Juan Antonio Flecha

Juan Antonio Flecha Giannoni (born 17 September 1977) is an Argentine-born Spanish former professional road bicycle racer, who competed as a professional between 2000 and 2013.[2] Flecha had a reputation of being a Classics specialist[3] and to ride with an aggressive style as he was keen on participating in breakaways.[4] His major victories include winning a stage of the 2003 Tour de France, successes at the two defunct classics Züri-Metzgete and Giro del Lazio in 2004, and the Omloop Het Nieuwsblad in 2010. He was also known for his numerous high placings in important one-day races, most notably Paris–Roubaix, where he finished in the top ten eight times without registering the victory. In the Grand Tours, he was often assigned to a role of domestique.

Juan Antonio Flecha
Juan Antonio Flecha shades (cropped).jpg
Flecha in 2012.
Personal information
Full nameJuan Antonio Flecha Giannoni
Born (1977-09-17) 17 September 1977 (age 44)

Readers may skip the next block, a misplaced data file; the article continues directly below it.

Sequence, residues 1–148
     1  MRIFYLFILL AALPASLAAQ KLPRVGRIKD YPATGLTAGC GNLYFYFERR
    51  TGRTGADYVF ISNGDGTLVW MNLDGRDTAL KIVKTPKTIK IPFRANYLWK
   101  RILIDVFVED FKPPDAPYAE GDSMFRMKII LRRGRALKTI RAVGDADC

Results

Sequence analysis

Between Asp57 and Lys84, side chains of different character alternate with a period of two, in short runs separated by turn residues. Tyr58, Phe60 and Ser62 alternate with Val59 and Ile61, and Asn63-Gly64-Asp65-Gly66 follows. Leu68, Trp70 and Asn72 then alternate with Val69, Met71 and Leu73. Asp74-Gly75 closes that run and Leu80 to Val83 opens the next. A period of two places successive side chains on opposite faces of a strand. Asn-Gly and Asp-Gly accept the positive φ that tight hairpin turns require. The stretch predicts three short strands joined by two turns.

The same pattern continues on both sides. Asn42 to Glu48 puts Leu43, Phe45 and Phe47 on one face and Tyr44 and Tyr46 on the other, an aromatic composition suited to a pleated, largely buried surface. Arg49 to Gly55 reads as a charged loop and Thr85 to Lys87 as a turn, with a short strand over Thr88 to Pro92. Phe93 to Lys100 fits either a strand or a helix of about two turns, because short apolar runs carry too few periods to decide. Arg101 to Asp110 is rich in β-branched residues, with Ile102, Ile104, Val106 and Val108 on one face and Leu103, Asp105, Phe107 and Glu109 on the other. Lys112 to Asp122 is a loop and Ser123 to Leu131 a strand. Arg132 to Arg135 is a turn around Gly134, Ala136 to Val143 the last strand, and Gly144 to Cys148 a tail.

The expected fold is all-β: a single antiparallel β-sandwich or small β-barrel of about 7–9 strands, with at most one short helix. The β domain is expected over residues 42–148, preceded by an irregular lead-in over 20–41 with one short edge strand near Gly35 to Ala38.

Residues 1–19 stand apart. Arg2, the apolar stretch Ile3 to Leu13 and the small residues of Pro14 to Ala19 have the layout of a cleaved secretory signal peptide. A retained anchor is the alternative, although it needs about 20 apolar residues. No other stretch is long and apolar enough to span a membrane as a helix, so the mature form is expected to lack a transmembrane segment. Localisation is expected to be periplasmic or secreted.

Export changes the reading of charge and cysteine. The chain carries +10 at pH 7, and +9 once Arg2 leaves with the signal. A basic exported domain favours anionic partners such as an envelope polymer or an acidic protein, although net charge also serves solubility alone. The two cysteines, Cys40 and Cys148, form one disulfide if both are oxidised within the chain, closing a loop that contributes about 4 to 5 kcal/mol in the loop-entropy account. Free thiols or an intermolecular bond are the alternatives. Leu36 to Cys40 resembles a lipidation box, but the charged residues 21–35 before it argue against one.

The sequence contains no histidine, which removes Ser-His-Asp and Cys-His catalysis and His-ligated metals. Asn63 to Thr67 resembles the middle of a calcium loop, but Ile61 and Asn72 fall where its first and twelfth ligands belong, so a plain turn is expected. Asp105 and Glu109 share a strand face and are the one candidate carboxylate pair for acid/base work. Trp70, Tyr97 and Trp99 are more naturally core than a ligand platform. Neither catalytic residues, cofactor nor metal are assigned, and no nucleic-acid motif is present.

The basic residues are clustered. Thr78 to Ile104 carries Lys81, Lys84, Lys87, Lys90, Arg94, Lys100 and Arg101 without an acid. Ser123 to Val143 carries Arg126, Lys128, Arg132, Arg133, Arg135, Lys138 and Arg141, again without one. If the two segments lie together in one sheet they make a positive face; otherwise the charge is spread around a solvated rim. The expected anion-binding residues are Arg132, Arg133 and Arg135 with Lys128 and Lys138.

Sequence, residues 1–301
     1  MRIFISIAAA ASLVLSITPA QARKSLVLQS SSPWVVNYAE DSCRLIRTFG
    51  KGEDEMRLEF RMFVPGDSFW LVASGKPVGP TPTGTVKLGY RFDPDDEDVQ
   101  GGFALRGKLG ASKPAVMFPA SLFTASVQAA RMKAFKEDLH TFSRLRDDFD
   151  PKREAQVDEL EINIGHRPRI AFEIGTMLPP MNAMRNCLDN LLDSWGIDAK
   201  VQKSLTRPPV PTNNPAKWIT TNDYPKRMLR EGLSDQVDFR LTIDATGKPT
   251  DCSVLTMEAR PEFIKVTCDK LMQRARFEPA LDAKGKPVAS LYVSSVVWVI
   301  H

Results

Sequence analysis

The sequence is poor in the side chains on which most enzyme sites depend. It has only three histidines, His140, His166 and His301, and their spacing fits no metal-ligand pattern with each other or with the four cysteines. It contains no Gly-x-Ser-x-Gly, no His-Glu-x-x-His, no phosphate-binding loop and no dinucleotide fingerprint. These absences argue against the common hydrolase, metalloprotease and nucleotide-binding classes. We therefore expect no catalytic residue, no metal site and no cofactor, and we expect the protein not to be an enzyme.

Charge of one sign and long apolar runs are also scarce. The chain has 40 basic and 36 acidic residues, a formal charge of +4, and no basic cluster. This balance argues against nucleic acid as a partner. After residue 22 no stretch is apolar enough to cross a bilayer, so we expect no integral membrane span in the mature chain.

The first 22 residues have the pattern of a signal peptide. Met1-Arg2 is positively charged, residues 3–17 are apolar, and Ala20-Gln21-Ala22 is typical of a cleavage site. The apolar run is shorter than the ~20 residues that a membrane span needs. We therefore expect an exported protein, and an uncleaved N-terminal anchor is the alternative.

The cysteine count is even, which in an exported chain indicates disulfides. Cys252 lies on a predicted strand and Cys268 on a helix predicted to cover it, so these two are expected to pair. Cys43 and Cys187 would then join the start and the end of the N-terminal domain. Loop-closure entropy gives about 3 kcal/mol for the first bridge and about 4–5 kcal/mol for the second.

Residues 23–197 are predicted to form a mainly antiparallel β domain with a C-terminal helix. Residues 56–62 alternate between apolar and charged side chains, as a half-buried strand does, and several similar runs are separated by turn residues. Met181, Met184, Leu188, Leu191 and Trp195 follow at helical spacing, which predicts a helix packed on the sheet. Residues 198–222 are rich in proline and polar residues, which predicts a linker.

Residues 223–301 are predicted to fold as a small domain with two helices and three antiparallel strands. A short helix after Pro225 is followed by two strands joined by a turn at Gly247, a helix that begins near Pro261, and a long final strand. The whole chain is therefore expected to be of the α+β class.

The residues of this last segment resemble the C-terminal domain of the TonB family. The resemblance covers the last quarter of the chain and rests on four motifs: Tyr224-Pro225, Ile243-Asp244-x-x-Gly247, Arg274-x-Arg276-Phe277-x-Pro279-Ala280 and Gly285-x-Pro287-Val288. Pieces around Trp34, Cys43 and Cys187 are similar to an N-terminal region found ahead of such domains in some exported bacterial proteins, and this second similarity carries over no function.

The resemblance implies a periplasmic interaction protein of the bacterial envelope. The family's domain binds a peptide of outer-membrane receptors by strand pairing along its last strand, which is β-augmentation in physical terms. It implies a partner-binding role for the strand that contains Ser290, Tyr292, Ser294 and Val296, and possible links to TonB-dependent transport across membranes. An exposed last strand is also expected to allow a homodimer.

Junín, Buenos Aires, Argentina
Height1.81 m (5 ft 11+12 in)
Weight72 kg (159 lb; 11 st 5 lb)
Team information
Current teamRetired
Rider typeClassics specialist
Professional teams
2004–2005Fassa Bortolo
2010–2012Team Sky
Major wins
Grand Tours
Tour de France
1 individual stage (2003)

Stage races

Circuit Franco-Belge (2008)

Single-day races and Classics

Omloop Het Nieuwsblad (2010)
Züri-Metzgete (2004)

Early lifeEdit

Flecha spent his early years in Argentina. His father died in a car accident when he was four years of age. He moved to Spain with his mother when he was eleven, where they lived in Sitges, near Barcelona.[5]

Professional Cycling CareerEdit

Early yearsEdit